Champion Alfred De Oro Successfully
Defends Title In Game With Sher
man of Washington.
Alfred Do Oro tho other day suc
cessfully defended his title as world's
cham,plon at pockot billiards. Frank
Sherman of Washington, who chal
lenged tho Cuban, was outclassed In
tho last block of tho 600-polnt match.
Do Oro made somo wonderful com
bination shots and scored a high run
of twenty-nine, which equals the mark
set 'by Sherman when ho took tho
lead in tho first block. Sherman's
test was 25, his scoro being 221 to
Champion Alfred De Oro.
De Oro's 200, making tho challenger's
total scoro 466 whon Do Oro reached
tho 600-polnt goal.
It was tho thirteenth tlmo Do Oro,
has been called on to defend thu
Besides holding his title, Do Oro
has been four Minos king of tho throe
cushion billiard players. It Is his In
tention to go after this tltlo again.
Ho Is tho only expert that ever held
both titles for any length of tlmo.
Former champions liavo doclnred it
impossible to play championship pool
nnd throo-cushlon billiards simultane
ously, but Do Oro has a different idea
about it. Ho has been playing pool
and billiards for twonty-fivo years.
Pitches a No-Hit Game.
Hubert Leonard, who pitched this
year for Denver In tho Western
leaguo, and who has been sold to tho
Boston Americans, celebrated his ar
rival in his homo town tho other day
by pitching a no-hlt, no-run gamo
against Lcmoore, champions of the
San Joaquin Valley. Leonard pitched
for Fresno, nnd only ono of tho Lo
inooro players reached second baso.
This man wolked and stole second.
Tho gamo was called at tho end of
tho ninth Inning becauso of darkness,
tho score being nothing to nothing.
Lacrosse Increasing In Popularity.
I.acroHBe, tho national gamo of Can
ada, Is rapidly becoming n worldwide
sport. Tho Britisher has scattered
cricket and association football wher
ever ho has sottled. Baseball Is con
fined almost entirely to Americans
and Cnnadlans, and is being taken tip
by tho Japanese nnd Chinese. On the
other hand, lacrosse Is played not by
Canadian residents In foreign lands,
but by teninB composed of natives In
tho United States, Great Britain, Aus
trallo, New Zealand, South Africa,
Japan, etc.
College Sport Costly.
Twolvo of tho fiftoon athletic teams
of Columbia university wore carried
on at a loss during the last season
Tho crew deficit amounted to over
$5,000. Tho track team lost $1,520
nnd tho swimming and water polo lost
$536, Soccer lost $322 and hockey
$495. Tho varsity and freshmen base
ball teamH and tho varsity rifle teams
alone enmo out on the credit side of
tho ledger.
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of United States.
and a combination of backs llko Har
vard's might be ablo to drive, through
it with a comfortable scoro.
Thorpo, Aracasa and Guy on of the
Carllslo team are regarded as stars of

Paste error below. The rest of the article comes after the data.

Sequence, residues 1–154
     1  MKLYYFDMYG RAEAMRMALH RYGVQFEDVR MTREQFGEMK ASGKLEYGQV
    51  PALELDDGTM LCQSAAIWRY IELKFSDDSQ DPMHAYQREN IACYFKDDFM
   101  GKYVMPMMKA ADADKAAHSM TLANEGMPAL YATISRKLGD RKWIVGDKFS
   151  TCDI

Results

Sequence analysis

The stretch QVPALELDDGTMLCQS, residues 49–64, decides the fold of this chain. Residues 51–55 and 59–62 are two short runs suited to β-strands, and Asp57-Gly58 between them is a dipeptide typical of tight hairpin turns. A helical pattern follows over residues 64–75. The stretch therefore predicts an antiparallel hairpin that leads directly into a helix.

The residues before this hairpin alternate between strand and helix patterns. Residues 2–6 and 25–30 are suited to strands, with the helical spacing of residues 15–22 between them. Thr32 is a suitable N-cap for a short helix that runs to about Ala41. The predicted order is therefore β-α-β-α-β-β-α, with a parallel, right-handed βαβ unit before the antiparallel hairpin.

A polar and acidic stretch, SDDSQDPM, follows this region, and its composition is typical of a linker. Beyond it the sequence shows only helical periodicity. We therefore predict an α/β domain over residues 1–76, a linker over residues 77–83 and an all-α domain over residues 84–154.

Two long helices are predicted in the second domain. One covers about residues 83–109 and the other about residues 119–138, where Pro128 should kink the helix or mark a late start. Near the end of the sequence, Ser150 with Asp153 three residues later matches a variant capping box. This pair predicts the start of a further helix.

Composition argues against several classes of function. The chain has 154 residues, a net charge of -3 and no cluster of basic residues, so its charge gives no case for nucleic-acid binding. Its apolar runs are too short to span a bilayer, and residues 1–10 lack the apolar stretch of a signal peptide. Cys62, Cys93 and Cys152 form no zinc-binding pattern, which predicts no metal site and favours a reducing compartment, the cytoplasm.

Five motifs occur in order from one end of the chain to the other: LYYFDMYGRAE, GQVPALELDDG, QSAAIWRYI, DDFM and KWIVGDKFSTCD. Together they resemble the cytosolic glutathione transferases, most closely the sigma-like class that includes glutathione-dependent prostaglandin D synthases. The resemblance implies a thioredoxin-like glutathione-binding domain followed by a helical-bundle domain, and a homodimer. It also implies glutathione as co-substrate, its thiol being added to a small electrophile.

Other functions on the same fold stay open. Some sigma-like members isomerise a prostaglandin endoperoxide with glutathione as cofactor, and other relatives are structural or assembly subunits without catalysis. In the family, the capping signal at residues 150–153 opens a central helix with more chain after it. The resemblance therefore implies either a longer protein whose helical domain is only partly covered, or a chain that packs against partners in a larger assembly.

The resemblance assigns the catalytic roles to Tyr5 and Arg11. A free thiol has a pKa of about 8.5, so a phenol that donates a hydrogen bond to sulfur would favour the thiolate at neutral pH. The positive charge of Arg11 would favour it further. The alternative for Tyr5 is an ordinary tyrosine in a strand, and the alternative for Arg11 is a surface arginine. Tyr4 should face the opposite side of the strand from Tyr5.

All-American magnitude, and the
West Point coaches aro a unit in de
claring that Thorpo has probably
never had a superior In the history of
tho sport.
Bystander, English Publication, Com
ments on Baseball No Use for
Imported Article.
President Comlskoy of tho Chicago
Whlto Sox may bo ablo to introduce
professional baseball in Australia,
but chances are ho would have trou
bio convincing tho sporting authori
ties of Groat Britain, of which Aus
tralia is a province that America's
greatest pastime is a legitimate sport.
The Bystander, a London newspaper,
takes this rap at America's loading
"Tho best thing that can bo said
from an English standpoint of base
ball Is that It Is a more sane gamo
than American football, which Is not
saying very much. Llko American
football, baseball Is a game tho beau
ties of which can only bo appreciated
by an Amorlcan born and bred. With
tho Americans It is something more,
than n gamo. It Is an obsession more
Mdesprcad nnd compelling oven than
tho cult of professional football over
"It Is their national game, their own
invention, ''although, after all, It is
nothing but an elaboration of tho
good old gamo of rounders, and thoy
aro so convinced of Its supcrcxcel
lenco that they havo tried to educate
us up to Its transcendental Joys so
far without much bucccbb. Thero Is
a London baseball leaguo, but no one
over seems to lenrn whether tho al
leged baseball boom In Wales will
come to anything.
"To tho unlvorslty nnd public school
man baseball has never nppoalod, and
I doubt very much whethor It over
will. Thero Is too much rare show
about It for Ills tastes. No, the truth
Is that in England we havo already as
many games as wo can do with, and
mnny better games than batoball, for
which wo havo good cause to be'
thankful. And as long as our home
products satisfy us wo have no ubo
for tho Imported article"
Picking favorites in football games
is purely a local pastime.
Jnnvrin, Englo and Cndy may bo
tried at first next spring for tho Rod
Tho Red Sox, It Is reported, will go
to Hot Springs for their training next
Intramural football seems to at
tract loss attention than lntorneclne
linns Lobcrt has Joined Hans Wag
ner in tho list of poultry-raising ball
Billy Sullivan has declined an of
fer to manago tho Elmlra (N. Y.) State
leaguo team.
Jimmy Burko Is mentioned as a pos
sibility to manngo tho Grand Rapids
team noxt seanon.
In 40 years In professional baseball
tho Washington club, until this year,
nover finished hotter than sixth,
Georgo Stalllngs, tho now manager
of the Boston Ilrnves, says ho will
uso Arthur Dovlln at first next Beason.
Bill Cnrrlgan, tho veteran Red Sox
cntcher, has been mentioned as tho
latest possibility to manago tho High